Pressure Points in Shotokan Karate

Gichin Funakoshi

Pressure Points in Shotokan Karate from Shotokan Karate Magazine, July, 2004 – There is a well known photo of Gichin Funakoshi in his 80’s performing kumite. In the photo, Funakoshi has grabbed the right wrist of the attacker with his left hand,and is delivering a right upper level reverse punch (jodan gyaku-zuki) using a middle-knuckle fist (nakadaka-ken). Some Shotokan practitioners look at that photo and observe,“How spry and healthy he was Shotokan karate is clearly an excellent health regimen.” Other practitioners (notably those whose lineage trace more to the Shoto-kai) react with, “See, O-sensei was using a middle-knuckle fist. That proves that we should be doing the same.”Practitioners with an intimate knowledge of the use of pressure points (jintai no kyusho), however, draw the following conclusion, “Gichin Funakoshi understood and used pressure point fighting methods (kyusho-jitsu).”

Of course O-sensei knew pressure points! After all, Karate-do Kyohan has an extensive chapter devoted solely to the subject. But, the existence of this chapter alone does not demonstrate a genuine understanding of pressure point fighting. If that were the case, then every Shotokan practitioner with a copy of Karate-do Kyohan would be a competent pressure point expert. What makes the difference between the true expert and someone who merely owns the book, is what is not said in the chapter on vital points.

In the book we are told that the points are places where the body is more vulnerable to attack, and that these points are generally the same as those used in oriental medicine (moxabustion is specifically named). What is not stated is that these points are not used singly, but rather, are used in combinations. And these combinations of points are selected in accordance with the rules of traditional Chinese medicine.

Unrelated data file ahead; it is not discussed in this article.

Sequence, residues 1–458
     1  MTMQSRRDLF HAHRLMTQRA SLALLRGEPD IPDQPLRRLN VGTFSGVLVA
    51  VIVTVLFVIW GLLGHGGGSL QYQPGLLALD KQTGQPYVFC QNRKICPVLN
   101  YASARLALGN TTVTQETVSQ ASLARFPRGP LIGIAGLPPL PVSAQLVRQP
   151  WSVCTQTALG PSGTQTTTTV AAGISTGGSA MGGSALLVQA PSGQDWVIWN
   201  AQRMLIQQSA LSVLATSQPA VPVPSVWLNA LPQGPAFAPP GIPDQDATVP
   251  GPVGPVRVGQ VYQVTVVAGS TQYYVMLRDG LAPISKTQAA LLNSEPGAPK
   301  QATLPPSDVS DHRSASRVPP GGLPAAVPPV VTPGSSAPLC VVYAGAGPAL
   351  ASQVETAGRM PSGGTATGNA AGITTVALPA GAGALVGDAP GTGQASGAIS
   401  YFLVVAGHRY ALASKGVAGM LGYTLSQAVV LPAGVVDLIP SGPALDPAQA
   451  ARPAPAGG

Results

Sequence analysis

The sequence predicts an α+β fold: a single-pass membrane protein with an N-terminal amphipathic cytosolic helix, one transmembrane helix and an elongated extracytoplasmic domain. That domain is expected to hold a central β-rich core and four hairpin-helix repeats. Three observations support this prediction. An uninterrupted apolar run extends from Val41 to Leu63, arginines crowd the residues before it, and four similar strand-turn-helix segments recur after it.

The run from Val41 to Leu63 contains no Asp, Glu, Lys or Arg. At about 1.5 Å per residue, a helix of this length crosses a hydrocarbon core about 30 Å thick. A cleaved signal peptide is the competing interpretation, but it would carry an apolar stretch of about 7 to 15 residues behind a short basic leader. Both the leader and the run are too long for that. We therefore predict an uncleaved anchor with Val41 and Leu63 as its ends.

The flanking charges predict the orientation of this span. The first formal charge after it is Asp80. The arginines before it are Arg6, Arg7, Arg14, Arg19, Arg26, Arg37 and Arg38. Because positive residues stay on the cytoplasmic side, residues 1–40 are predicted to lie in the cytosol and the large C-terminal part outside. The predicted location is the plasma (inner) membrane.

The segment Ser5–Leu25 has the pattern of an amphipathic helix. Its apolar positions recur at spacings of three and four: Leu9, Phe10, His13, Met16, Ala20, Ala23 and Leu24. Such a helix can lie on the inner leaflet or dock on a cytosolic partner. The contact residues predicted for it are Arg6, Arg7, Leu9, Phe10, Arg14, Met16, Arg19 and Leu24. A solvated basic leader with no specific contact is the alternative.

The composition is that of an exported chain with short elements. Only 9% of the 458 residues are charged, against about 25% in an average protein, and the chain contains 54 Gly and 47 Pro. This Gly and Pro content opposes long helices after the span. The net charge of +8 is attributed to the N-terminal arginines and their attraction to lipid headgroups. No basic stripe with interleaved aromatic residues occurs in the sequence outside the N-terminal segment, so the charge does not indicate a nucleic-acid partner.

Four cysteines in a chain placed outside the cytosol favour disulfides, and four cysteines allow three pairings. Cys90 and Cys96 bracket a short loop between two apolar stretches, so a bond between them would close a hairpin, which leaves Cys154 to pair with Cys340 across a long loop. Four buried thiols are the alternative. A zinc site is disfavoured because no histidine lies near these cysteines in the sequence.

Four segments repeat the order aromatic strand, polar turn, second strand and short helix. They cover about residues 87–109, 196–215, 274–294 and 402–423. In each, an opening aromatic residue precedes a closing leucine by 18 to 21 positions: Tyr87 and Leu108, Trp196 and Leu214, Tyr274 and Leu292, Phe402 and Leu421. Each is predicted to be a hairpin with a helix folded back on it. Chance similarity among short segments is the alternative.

In the old photo, Funakoshi has grabbed in such away that his left thumb is pressing on a point on the inside of the attacker’s wrist. The point is known as Heart # 5 (Tongli). The punch with the right middle-knuckle fist is aimed precisely to the hollow of the cheek, at a point called Small Intestine #18 (Quanliao). This is not accidental. The Heart and Small Intestine meridians are considered a yin/yang pair in acupuncture anatomy. To attack both simultaneously is regarded as a way to short circuit the positive and negative lines of the body. Furthermore, that particular wrist point is a “connecting point” between the Heart meridian and the Small Intestine meridian, and a point from which ki is understood to rise up to the eye. The cheek point is the location on the Small Intestine meridian which is closest to the eye. So, as the energy entered into the wrist point rises to the eye, it is met at the cheek point by the punch.

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